Evie

About 2 years ago, my stepdaughter Rachel was undergoing a series of tests and scans to find out what was causing the lump on the side of her skull. Thankfully we knew the lump was benign but we still needed to get to the bottom of what was causing the lump before she could start treatment.

We had to got to the RVI hospital at Newcastle to see the specialists there who were based on the children’s cancer ward. I can truly say that spending the best part of a day on the ward was probably the most humbling experience of my life. To see the children and their families and try and imagine what they must be going through. To see the staff who were so professional, friendly, positive. I’m not able to do justice to them and I’m going to stop struggling to find the words to describe my admiration.

We were blessed that day to meet Evie and her parents. Evie was a couple of years older than Rachel and had been diagnosed with brain cancer. After half an hour in Evie’s company I knew she was someone special. She had a wicked sense of humour, an infectious smile and laugh and an attitude that cancer wasn’t going to define who she was and it was never going to get her down. Her parents were also inspirational and didn’t allow anyone to show them any pity but did what they could to help my wife and I.

Evie and Rachel stuck up a great friendship. They compared treatments and medications, talked about which member of staff was the hottest and everything else that girls that age talk about. Whenever Rachel was feeling down Evie would lift her spirits and make her laugh again.

Evie was bravely fighting her own battles. A new type and a more traditional type of chemotherapy had failed to arrest the cancer and there was no treatments left on offer in the UK. It was suggested that a treatment that was available in Germany might work but it would cost £75k. Evie’s mission was born to raise the money.

Unfortunately there is no happy ending to report. Despite fighting so bravely Evie lost her battle last week before she was able to get to Germany. She was 20. Cancer is a bastard.

Despite being a lot older than Evie i can still learn from her approach to life and be inspired. Even if we live to be 100 we’re only on this planet for a relatively short period of time so make the most of it no matter what cards we’re dealt.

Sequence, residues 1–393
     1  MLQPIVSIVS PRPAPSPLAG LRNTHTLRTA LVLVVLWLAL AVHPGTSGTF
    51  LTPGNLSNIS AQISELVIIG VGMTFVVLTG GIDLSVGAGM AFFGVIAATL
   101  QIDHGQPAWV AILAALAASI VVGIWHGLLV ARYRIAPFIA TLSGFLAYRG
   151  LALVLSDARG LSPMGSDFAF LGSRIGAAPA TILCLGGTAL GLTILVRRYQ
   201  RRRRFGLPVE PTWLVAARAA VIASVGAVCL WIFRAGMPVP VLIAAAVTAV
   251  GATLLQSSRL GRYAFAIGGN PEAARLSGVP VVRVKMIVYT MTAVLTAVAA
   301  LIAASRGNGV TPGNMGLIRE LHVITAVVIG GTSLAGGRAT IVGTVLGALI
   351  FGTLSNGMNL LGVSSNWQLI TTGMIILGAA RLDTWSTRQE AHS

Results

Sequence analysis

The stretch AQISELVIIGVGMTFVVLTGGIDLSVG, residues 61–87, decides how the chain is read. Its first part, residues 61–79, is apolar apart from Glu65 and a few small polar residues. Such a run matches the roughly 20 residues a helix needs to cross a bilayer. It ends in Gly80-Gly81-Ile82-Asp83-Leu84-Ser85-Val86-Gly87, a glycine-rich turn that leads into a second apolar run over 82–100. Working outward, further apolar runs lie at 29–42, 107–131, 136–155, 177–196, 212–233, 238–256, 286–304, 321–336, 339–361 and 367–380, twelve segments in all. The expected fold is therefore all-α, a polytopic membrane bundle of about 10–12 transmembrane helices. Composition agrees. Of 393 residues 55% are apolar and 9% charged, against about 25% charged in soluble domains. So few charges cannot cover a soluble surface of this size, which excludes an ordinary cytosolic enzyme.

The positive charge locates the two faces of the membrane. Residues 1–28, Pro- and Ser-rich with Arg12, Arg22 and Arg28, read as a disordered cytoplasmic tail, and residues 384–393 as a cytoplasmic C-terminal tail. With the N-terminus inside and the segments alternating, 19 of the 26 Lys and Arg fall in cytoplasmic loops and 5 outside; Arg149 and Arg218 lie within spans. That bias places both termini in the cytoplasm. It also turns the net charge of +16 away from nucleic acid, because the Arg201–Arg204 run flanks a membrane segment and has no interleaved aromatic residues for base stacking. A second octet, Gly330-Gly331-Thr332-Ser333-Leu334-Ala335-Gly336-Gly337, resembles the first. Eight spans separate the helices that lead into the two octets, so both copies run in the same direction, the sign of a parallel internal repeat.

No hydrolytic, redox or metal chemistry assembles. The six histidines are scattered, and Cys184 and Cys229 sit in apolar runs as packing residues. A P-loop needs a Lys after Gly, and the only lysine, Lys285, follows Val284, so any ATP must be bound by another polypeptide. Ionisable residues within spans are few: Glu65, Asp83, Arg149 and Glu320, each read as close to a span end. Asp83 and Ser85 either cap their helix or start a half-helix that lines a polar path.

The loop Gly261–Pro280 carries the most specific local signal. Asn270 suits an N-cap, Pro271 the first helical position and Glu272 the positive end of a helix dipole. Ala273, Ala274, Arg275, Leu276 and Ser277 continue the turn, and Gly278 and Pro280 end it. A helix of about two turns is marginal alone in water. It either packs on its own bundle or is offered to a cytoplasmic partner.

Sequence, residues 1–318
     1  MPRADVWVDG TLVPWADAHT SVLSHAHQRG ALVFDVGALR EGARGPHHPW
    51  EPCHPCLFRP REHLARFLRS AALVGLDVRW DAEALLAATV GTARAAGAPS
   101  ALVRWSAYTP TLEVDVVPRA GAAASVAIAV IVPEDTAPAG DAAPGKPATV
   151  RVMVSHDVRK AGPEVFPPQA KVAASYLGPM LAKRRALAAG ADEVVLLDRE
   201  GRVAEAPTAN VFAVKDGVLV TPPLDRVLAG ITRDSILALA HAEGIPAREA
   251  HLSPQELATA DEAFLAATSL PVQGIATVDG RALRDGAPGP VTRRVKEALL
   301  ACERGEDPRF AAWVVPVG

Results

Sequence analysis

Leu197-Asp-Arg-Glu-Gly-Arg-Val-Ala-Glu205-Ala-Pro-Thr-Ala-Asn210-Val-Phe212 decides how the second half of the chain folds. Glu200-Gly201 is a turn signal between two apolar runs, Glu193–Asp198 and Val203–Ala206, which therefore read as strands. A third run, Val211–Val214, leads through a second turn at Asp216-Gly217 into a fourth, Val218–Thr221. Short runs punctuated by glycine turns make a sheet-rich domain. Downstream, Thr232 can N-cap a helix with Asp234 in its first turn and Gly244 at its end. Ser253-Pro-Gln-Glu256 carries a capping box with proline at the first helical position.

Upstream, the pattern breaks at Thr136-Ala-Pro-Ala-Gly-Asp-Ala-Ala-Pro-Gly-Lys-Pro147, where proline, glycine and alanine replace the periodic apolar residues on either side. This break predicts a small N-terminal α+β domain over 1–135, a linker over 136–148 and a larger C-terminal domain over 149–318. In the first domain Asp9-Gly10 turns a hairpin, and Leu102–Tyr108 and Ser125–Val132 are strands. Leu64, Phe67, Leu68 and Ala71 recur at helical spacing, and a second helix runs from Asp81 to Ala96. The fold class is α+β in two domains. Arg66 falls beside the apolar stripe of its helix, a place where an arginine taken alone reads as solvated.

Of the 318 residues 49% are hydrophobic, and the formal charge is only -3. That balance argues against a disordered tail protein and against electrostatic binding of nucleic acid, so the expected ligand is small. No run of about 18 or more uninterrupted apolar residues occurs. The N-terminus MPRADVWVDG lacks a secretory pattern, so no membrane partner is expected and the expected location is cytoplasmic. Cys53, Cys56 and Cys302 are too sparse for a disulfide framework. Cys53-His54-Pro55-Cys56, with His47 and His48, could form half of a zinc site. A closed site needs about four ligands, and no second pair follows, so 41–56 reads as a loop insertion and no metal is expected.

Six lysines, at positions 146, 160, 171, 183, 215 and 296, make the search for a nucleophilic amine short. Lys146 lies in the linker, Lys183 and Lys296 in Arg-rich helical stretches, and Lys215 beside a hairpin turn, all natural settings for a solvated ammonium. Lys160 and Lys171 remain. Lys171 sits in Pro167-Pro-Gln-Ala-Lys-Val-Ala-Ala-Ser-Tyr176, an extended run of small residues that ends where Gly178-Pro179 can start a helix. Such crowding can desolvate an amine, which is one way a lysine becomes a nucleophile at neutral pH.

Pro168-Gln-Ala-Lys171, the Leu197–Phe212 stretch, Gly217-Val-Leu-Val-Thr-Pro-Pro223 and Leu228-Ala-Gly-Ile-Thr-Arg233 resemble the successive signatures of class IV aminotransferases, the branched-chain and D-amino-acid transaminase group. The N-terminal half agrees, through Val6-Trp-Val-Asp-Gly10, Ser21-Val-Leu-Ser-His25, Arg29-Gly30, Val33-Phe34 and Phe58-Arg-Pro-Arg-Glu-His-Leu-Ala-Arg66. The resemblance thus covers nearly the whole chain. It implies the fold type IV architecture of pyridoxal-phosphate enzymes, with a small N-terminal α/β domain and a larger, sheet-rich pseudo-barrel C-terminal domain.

Dream big – Evie had a dream to meet Justin Bieber, and she did – twice. She helped people, she raised money, she leaves a legacy and a massive lasting impression on everyone she met and she met some important and famous people.

I hear people say, why do good people die and some arseholes get to live. Don’t waste time thinking about arseholes, fill your life with love, with laughter, with happiness, with singing and dancing. Be wicked, be courageous, be a friend.

Be like Evie x

Evie’s Mission

Power to the People

So on Saturday I got up at 4.30am to get a bus to take me to London for the Put it to the People march. Considering my Saturday’s normally consist of getting some jobs done and then relaxing on the sofa listening to my team get beat this was no small effort. I finally got home just after 10.30pm!

But the UK remaining in the EU is important to me. I hate what’s happened to the country over the last 3 years or so with the levels of hate crime rising and people from other countries treated with more suspicion and made to feel less welcome. We’re not this big country that can get by on it’s own. We’re stronger when we work in partnership with other countries. I want my children to be able to freely travel, work and study in other European countries. I know people who have already lost their jobs as a result of Brexit and I know people who’s vital supplies of medication have already been affected.

Saturday was a reminder of just how brilliant this country can be. I don’t know how many people were there but a million is probably an under estimate. There was people of all ages, all faiths, from all parts of the country. We didn’t come close to seeing any sign of trouble. Strangers came together and sang, dance made new friendships looked out for one another. It made me proud to be British again and that is not a feeling I have had in a very long time.

So what did it achieve? Only time will tell I suppose. Whilst that many people taking to the streets cannot be ignored I’m not naive enough to think that our PM is suddenly going to change her mind or her so called deal!

What I do know is that if things do go badly wrong I want to be able to look my children, friends, family, colleges in the eye and say “i tried to stop it”.

Find your Voice